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Two Visible Comets

Predicting comets is rather like predicting the weather - your mileage may vary. However we may have a good chance to see two naked eye comets in the sky during late April and early May this year. Two comets visible to the eye at the same time has not happened since 1911. Both comets were discovered by patrols looking for asteroids which approach the Earth closely LINEAR C/2002 T7 and NEAT C/2001 Q4. LINEAR is the name of a satellite (LIncoln Near Earth Asteroid Recorder) and NEAT is a telescope watch at Palomar (Near Earth Asteroid Tracking). These two powerful telescopic systems are major killjoys. They almost always sight comets long before amateurs can spot them those robbing us poor mortals of the small fame of having a comet named for us.

The two comets were expected to reach naked eye brightness by April although LINEAR after a fast start is lagging rather badly. Neither will probably reach anything like the great brightness of historically famed comets but both have a good chance to be about as bright as the North Star Polaris which means among the 60 or so brightest objects in the sky.

Comet LINEAR will be in the East near the Great Square of Pegasus (Flying Horse) in April, moving south past Pisces (The Fishes) and Taurus (The Bull) until it gets so low in Cetus (Whale) that it cannot be seen by early May. People south of the Equator will see LINEAR from April until July. LINEAR will be below the crescent Moon on April 15th through 17th as the Moon is rising early in the East. Binoculars should help, but telescopes will be useful only after locating the comet.

Comet Neat will appear in the West South West starting near the brilliant star Sirius at the end of April and rapidly moving up the sky past the constellation Monoceros (Unicorn) between Cancer (Crab) and Gemini (Twins) by the end of the third week of May. From Southern Rhode Island a fuzzy ball with possible tails is almost certain to be visible with binoculars during the last week of April and the first three weeks of May. Orion (The Hunter) will be setting and Venus will be in the Northwest during this time. After this time NEAT will begin to turn north and finally cross the Ursa Major (Big Dipper) near the beginning of August.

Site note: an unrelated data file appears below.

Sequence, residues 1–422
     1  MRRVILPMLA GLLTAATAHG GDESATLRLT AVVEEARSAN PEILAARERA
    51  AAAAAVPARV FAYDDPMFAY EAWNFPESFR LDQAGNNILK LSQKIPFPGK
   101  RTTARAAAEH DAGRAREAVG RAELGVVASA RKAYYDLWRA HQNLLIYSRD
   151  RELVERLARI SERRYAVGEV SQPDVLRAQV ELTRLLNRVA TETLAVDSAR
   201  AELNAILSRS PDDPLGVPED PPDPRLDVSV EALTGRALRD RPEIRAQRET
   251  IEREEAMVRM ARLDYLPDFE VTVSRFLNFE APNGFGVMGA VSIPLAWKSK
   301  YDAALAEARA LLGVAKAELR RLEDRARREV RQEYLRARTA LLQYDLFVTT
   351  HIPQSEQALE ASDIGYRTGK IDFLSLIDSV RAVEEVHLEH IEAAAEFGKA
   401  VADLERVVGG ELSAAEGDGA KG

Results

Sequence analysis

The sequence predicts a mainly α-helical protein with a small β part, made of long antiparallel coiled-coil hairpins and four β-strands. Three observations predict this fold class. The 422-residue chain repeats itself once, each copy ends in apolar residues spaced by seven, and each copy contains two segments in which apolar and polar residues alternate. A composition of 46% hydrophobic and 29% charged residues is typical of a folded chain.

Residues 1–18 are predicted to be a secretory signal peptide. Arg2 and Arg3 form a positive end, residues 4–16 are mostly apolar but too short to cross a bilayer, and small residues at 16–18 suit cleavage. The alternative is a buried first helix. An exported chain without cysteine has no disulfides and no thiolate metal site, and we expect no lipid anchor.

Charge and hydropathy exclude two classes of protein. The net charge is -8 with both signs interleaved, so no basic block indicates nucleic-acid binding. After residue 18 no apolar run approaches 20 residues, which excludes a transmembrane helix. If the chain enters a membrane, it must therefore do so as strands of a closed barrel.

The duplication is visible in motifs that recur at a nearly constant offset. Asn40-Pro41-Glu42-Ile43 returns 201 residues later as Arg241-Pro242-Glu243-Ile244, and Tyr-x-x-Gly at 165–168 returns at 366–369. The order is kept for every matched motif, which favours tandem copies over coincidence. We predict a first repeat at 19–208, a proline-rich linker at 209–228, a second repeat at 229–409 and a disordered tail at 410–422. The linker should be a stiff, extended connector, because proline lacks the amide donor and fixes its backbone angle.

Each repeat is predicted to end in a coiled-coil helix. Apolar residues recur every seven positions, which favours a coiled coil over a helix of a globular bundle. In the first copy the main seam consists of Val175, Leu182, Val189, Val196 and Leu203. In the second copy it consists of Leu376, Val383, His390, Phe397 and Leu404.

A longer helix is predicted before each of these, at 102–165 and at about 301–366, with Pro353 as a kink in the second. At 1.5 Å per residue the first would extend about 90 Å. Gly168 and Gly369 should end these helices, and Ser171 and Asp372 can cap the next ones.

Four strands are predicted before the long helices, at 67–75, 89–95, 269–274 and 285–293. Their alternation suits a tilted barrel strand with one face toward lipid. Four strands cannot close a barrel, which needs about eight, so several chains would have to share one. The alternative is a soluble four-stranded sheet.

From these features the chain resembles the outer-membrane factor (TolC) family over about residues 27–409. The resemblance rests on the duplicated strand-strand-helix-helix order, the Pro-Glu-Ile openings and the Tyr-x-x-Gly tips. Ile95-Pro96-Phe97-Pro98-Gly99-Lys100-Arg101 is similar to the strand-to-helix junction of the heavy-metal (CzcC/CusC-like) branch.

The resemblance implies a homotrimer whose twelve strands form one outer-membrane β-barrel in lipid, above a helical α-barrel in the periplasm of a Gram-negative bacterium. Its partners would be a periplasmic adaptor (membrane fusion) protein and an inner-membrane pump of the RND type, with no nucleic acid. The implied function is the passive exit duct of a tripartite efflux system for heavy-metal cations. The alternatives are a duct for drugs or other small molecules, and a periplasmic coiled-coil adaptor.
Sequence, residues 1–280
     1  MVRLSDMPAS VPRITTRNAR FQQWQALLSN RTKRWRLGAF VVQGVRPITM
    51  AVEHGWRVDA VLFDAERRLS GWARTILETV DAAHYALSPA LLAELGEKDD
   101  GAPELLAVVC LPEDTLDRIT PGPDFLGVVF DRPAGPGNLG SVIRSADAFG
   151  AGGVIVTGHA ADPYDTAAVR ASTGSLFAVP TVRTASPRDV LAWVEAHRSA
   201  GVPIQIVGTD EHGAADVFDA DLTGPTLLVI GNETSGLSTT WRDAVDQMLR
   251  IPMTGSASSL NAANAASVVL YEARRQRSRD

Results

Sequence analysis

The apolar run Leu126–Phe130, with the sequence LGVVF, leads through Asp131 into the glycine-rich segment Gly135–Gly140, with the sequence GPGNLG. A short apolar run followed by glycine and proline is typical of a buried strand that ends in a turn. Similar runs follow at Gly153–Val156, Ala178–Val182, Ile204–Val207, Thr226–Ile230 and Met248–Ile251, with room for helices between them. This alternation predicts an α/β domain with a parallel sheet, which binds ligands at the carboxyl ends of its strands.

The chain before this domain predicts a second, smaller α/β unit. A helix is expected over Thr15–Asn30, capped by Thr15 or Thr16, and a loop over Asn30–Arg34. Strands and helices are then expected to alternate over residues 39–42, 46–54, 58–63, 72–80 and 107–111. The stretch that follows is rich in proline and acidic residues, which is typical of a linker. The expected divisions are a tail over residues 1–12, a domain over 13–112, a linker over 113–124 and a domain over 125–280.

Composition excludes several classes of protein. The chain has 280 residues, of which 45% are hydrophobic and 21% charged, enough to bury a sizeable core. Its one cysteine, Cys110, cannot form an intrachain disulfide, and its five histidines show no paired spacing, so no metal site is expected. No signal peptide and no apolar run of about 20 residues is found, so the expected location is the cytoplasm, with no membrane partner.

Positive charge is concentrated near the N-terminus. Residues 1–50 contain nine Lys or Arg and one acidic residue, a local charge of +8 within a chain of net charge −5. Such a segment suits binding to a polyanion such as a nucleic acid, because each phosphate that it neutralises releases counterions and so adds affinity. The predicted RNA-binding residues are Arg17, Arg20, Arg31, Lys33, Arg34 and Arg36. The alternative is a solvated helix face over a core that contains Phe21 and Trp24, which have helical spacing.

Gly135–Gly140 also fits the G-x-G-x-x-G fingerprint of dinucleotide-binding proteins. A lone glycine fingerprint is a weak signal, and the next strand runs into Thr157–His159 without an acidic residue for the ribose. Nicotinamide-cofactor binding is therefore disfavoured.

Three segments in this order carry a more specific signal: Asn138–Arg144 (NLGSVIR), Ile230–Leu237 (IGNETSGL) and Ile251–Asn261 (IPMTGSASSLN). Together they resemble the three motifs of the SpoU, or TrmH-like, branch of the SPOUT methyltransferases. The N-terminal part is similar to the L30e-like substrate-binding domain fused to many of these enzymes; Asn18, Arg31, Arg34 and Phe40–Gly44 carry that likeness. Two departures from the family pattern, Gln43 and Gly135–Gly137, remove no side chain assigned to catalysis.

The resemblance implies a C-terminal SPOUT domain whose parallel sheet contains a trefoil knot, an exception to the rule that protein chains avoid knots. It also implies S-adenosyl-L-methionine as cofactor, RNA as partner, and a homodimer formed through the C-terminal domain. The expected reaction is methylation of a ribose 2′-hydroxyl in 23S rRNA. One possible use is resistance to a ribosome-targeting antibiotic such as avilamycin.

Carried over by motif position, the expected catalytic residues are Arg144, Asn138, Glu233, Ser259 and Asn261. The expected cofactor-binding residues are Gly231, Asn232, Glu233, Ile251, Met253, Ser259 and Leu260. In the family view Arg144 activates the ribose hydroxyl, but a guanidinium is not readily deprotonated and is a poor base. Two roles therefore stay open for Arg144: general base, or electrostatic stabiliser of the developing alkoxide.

Comets are often called dirty snowballs. As they enter the inner solar system, the Sun begins to heat them to the point where one volatile substance after another begins to evaporate creating a kind of foggy tail that streams away from the Sun. While the tail may look like a rocket exhaust pushing the comet, in fact the Sun's light and solar wind drive the comet's tail away. As the comet heats up more, a second type of tail often appears composed of dusty particles of gritty sand. These stay in the orbit of the comet for many decades. Sometimes a major planet like the earth crosses one of these orbits and encounters the gritty dust particles. Then we have a meteor shower such as we had in November a couple of years ago when Earth crossed the path of Comet Tempel-Tuttle. This was certainly a memorable night. We won't be crossing the path of either of these two comets in our lifetime.

Having problems spotting the comets? Well, come down to Frosty Drew Observatory in Ninigret Park any clear Friday night in late April and during May. We'll do our best to sight the two comets, and four planets as well. Quite a show this Spring.

Leslie Coleman
Author:
Leslie Coleman
Entry Date:
Apr 1, 2004
Published Under:
Leslie Coleman's Columns
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